Katya, the co-founder of YA site The Book Lantern (full disclaimer: I, Ceilidh, am one of the other co-founders) joins us to discuss the exclusion & abuse trans* narratives face.
I watch a lot of videos on the Internet. YouTube, obviously, but also Chez Apocalypse, That Guy With The Glasses, and I also visit Blip.tv when I want to catch things early. Like most people, I have a rather conflicted relationship with ads – I don’t hate them enough to use AdBlock, because I realize that’s why we get free content, and the producers deserve to get paid for all their hard work; at the same time, though, the constant repetition gets on my nerves. (We get it, Flora. The kids walked in on their parents having sex. Now vary it up!)
Needless to say, ads quickly wear off their welcome, and so it needs to be extra-interesting to grab your attention.
A few weeks ago, I caught the trailer for The Other Woman, starring Cameron Diaz and Nikki Minaj, and, barring a comment about “a lawyer, the wife, and the boobs,” it seemed like something I might enjoy. Girl power! Friendship! Possibly a lesbian character! I could almost overlook the fact that the trailer contains some of my least favourite things about Hollywood movies (dumb blondes, the black best friend that is the only black person in the movie, the philandering husband, and, last but not least, rich white people problems.)
That is, of course, until about the 1:53 minute mark when we get to hear about the wife giving her husband hormones… for a “pre-op transsexual.”
*twitch, twitch, twitch* Excuse me.
*20 minutes later*
Right… let’s see if I can do this again.
So all the way back in December (and a little before that) I started researching an essay on trans* exclusion as part of a course I was doing, and I read Julia Serano’s Whipping Girl: A Transsexual Woman on the Scapegoating of Femininity Short review: READ IT, but what’s especially relevant to this post is the chapter on gatekeepers and how they inevitably forced trans* women to perpetuate the uber-feminine stereotype which some modern feminists wail about so much. (Basically, the objection some feminists have to trans* women is that they reproduce traditional femininity too well. Except, historically, trans* women were forced to act in that way in order to convince the doctors to give them access to medical transitioning.)
I’ll let that sit with you for a second. (I suggest grabbing a lemon and a shot of tequila. Hypocrisy doesn’t go down easy.)
Whipping Girl is a very interesting run-down of how trans-exclusion and cis-sexism are, at their roots, a different version of regular old misogyny, and that’s a topic for another post. But out of the whole book, the chapter on gatekeepers is what I keep coming back to over and over again, and especially when dealing with shit like The Other Woman.
Ha-ha, she’s making her husband look like a pre-op transsexual! Comedy gold that! Even if we side-step the issues of realism and gross ethical violations that come with that (how did she obtain the hormones? And she’s giving them to her husband without his consent? JESUS CHRIST, HOW DID THAT GET PAST THE FIRST DRAFT?) it’s still offensive as all hell! Suddenly, this cute you-go-girl type comedy is turning out to be another piece of misogynist crap.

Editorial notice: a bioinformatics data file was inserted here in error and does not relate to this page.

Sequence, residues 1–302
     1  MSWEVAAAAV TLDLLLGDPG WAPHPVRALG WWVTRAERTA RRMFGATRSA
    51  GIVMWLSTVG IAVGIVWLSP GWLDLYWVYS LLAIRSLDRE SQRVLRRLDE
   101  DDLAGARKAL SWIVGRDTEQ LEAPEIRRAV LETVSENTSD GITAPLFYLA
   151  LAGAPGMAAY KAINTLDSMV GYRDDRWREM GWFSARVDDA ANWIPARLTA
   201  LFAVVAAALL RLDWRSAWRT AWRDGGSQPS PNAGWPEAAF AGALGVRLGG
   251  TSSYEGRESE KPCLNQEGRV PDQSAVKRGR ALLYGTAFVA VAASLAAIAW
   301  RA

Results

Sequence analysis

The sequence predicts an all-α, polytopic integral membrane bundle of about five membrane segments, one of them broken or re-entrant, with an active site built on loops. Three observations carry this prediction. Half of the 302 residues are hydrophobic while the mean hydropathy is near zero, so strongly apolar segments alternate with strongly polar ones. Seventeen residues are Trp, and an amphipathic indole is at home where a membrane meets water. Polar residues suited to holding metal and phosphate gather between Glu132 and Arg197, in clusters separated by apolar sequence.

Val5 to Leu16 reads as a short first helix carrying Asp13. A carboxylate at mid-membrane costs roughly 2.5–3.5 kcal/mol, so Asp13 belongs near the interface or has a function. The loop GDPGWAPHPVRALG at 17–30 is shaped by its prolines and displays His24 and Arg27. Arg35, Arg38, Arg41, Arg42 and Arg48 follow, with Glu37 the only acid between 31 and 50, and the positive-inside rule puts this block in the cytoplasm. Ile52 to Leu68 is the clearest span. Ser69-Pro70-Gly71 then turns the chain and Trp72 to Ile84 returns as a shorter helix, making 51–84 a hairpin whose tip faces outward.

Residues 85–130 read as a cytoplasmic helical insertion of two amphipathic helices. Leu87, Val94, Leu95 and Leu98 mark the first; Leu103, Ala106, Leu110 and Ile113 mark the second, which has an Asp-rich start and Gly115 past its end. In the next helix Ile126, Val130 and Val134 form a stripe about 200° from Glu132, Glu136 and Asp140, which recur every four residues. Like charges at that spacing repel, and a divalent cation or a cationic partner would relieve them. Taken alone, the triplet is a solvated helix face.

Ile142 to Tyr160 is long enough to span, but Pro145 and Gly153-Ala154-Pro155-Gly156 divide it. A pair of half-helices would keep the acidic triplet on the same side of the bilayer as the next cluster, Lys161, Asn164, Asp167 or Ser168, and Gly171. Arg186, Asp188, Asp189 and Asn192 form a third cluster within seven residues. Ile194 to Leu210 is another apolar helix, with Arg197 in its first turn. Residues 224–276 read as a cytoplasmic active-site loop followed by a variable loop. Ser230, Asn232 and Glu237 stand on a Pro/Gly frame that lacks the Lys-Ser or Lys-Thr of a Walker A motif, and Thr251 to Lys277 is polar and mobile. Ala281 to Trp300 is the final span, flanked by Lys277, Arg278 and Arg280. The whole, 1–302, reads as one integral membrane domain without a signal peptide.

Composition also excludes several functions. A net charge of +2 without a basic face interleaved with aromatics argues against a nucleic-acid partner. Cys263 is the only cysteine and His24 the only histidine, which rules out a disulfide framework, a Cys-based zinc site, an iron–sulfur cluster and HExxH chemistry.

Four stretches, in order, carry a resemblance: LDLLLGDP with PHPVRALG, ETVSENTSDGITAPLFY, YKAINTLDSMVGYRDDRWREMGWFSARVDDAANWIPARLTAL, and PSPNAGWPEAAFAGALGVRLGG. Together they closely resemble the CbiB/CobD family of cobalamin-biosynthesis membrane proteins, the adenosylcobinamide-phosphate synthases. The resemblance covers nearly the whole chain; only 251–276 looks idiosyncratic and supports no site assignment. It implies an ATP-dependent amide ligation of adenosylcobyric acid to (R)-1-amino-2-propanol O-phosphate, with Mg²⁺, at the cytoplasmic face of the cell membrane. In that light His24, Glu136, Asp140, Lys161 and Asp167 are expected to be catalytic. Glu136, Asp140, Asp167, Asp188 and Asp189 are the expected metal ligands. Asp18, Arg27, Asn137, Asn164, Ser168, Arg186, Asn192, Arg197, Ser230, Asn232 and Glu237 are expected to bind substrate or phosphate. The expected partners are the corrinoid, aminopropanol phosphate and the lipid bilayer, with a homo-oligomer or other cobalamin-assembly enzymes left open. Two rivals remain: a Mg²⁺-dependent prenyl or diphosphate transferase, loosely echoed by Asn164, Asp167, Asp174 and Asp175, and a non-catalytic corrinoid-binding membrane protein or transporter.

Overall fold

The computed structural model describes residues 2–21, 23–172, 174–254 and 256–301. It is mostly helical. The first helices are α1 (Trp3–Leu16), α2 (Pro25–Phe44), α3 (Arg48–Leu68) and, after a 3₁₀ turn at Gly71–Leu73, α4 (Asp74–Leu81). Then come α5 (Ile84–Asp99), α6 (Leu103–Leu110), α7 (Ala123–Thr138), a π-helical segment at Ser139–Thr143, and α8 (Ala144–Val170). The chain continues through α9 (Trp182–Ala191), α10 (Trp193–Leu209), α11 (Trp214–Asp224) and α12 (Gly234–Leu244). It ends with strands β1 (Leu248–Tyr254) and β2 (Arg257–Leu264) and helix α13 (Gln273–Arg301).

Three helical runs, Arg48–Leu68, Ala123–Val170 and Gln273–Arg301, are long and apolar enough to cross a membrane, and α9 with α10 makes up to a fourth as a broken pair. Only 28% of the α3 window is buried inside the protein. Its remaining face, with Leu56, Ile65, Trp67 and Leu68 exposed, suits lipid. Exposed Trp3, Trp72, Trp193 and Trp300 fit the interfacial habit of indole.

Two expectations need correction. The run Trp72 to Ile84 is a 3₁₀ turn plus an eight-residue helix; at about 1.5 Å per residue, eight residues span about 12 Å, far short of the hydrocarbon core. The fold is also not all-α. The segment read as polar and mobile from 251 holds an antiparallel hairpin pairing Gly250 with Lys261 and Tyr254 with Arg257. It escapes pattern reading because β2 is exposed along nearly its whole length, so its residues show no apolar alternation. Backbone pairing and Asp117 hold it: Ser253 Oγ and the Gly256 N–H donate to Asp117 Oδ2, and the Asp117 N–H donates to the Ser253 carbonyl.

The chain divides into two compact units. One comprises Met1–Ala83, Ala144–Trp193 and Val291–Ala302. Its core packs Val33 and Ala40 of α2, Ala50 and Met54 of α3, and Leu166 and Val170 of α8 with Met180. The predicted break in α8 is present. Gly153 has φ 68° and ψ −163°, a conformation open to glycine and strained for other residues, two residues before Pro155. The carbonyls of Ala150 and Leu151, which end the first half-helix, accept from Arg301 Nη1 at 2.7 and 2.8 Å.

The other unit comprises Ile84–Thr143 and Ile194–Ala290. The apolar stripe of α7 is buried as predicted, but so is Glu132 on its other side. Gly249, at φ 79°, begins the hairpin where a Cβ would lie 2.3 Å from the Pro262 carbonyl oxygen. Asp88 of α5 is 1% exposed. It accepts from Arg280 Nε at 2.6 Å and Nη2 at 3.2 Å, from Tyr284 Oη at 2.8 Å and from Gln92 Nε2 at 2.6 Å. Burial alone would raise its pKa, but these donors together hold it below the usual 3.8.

Let me spell this out: Using trans* men and women as a punchline is Not Cool! Using trans* men and women as a punchline, by having your well-off, cis protagonist use a medical treatment which has, historically, been awfully difficult to obtain, is even Less Cool! (And it probably remains difficult to obtain, because it’s not like there are less asshole doctors nowadays than they were before.) Are we supposed to think that a man being subjected to hormone therapy without his consent (and becoming de-masculinised because he “look(s) like (he) need(s) a bra” because FUCK YOU!) is somehow appropriate punishment? Good grief ladies, kick him in the kidneys and take him to court for emotional damages. You’re all rich enough to sue each other for a paper-cut!
The saddest part about all this is that The Other Woman is just one of many occasions when trans* people are used as a punchline or a prop in a story. In the preface to Whipping Girl, and throughout the book, Julia Serano highlights how limited the stories about trans* women are in popular media, how most biographies are sensationalised, and how most Hollywood movies featuring trans* protagonists either focus on them as being pathetic or deceptive. Realistic and varied stories about trans* protagonists are few, and it’s even rarer when that story is not told from a cis person’s perspective. (YA, which is the primary genre I read, is especially guilty of this.) Our society has started to become more accepting of trans* children, with stories like this making the rounds, but it’s still an uphill climb and stories are not always positive. (Also, interesting fact: most are about trans* girls. Because, as Ms Serano says, it’s perfectly natural for girls wanting to be boys, but if a boy wants to be a girl? Heaven forbid!)
Society has come some way, but that doesn’t mean we should be patting ourselves on the back and saying we’re all equal now. Notice the false notes, and call creators out on it. It’s the only way to bring change about.